MARK RUBERY CHESS

Pretoria News - - THE X-FILES -

The Ir­ish-born mas­ter, James Ma­son (1849-1905), was one of the world’s best half-dozen play­ers in the early 1880s. Born in Kilkenny, Ireland, he adopted the name James Ma­son (his orig­i­nal name is un­known) to avoid dis­crim­i­na­tion against his Ir­ish back­ground when he and his fam­ily im­mi­grated to the United States in 1861. He be­came a shoe-shine boy in New York City and fre­quented a Hun­gar­ian cafe where he learned chess. Com­ing to the no­tice of J. Gordon Ben­nett of the “New York Her­ald,” Ma­son was given a job in the news­pa­per’s of­fices, a start in life that both suited his lit­er­ary as­pi­ra­tions and gave him the chance to study chess. In 1876, he made his mark, win­ning first place in the 4th Amer­i­can Congress in Philadel­phia. He even­tu­ally set­tled in Eng­land in 1878 and was a regular tour­na­ment par­tic­i­pant in that coun­try. Fond of drink, Ma­son is al­leged to have lost many games when in a ‘hi­lar­i­ous con­di­tion.’ Although con­sid­ered by his peers to be a jolly good fel­low first and a chess player af­ter­wards, he never ful­filled the prom­ise of his first years in Eng­land. In­stead, he wrote books on the game, in ex­cel­lent style, no doubt as a re­sult of his jour­nal­is­tic back­ground. His two most pop­u­lar text­books, “The Prin­ci­ples of Chess in The­ory and Prac­tice” (1894) and “The Art of Chess” (1900) both ran to sev­eral edi­tions and have been pub­lished in nu­mer­ous lan­guages. An­other of his books, “So­cial Chess” (1900), con­tains many short and bril­liant games. (Ge­orge Mir­i­ja­nian –‘ Sen­tinel & En­ter­prise’)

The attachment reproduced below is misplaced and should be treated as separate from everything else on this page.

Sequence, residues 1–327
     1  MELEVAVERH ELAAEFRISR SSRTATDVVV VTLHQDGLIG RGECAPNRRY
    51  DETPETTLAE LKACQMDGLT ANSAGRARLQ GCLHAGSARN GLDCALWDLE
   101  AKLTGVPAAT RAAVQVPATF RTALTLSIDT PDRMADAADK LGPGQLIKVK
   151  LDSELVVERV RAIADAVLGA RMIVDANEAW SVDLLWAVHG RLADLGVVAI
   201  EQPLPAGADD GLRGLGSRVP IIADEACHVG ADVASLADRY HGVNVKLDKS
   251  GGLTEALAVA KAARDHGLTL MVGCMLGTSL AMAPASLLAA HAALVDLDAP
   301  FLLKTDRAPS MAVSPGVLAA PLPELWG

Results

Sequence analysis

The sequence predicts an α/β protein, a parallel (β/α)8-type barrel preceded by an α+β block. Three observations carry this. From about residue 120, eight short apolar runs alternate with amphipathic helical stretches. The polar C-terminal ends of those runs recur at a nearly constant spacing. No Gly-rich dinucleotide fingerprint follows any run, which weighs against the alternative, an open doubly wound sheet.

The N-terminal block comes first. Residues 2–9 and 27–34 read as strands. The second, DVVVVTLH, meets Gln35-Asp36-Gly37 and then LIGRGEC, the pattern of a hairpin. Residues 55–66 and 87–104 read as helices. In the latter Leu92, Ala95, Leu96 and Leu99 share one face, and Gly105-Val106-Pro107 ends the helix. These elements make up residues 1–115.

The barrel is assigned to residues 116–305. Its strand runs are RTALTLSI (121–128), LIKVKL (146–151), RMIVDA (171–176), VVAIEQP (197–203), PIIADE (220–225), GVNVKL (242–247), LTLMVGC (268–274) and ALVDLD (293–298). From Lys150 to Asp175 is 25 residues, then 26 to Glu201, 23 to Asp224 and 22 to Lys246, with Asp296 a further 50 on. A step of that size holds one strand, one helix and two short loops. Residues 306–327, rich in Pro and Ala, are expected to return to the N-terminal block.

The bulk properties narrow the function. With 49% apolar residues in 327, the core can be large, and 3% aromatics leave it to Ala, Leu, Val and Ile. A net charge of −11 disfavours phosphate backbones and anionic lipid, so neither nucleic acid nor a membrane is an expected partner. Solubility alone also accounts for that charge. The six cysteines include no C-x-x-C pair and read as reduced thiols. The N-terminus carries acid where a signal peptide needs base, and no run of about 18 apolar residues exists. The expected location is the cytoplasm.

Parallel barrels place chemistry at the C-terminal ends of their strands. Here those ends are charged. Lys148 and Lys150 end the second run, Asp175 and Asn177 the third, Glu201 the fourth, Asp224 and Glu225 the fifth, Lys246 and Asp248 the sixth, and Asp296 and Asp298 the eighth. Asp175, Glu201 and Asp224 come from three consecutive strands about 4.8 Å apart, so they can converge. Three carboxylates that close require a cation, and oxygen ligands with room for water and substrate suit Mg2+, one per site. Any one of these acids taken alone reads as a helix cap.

Steinitz, the first world champion, in The Field, 24 June 1882:

‘The game be­tween Ma­son and Wi­nawer be­longs, to quote an ex­pres­sion of Herr Falk­beer, to the “finest gems in the jewel box of Caissa”. On the 40th move Ma­son ini­ti­ated one of the finest and most orig­i­nal com­bi­na­tions that has ever been pro­duced in prac­ti­cal play.’

WHITE TO PLAY AND WIN

'In chess, as im much else, good judg­ment comes from ex­pe­ri­ence. Ex­pe­ri­ence comes from poor judg­ment. Never make the same mis­take twice. Make a new one.’

–D.J Mor­gan

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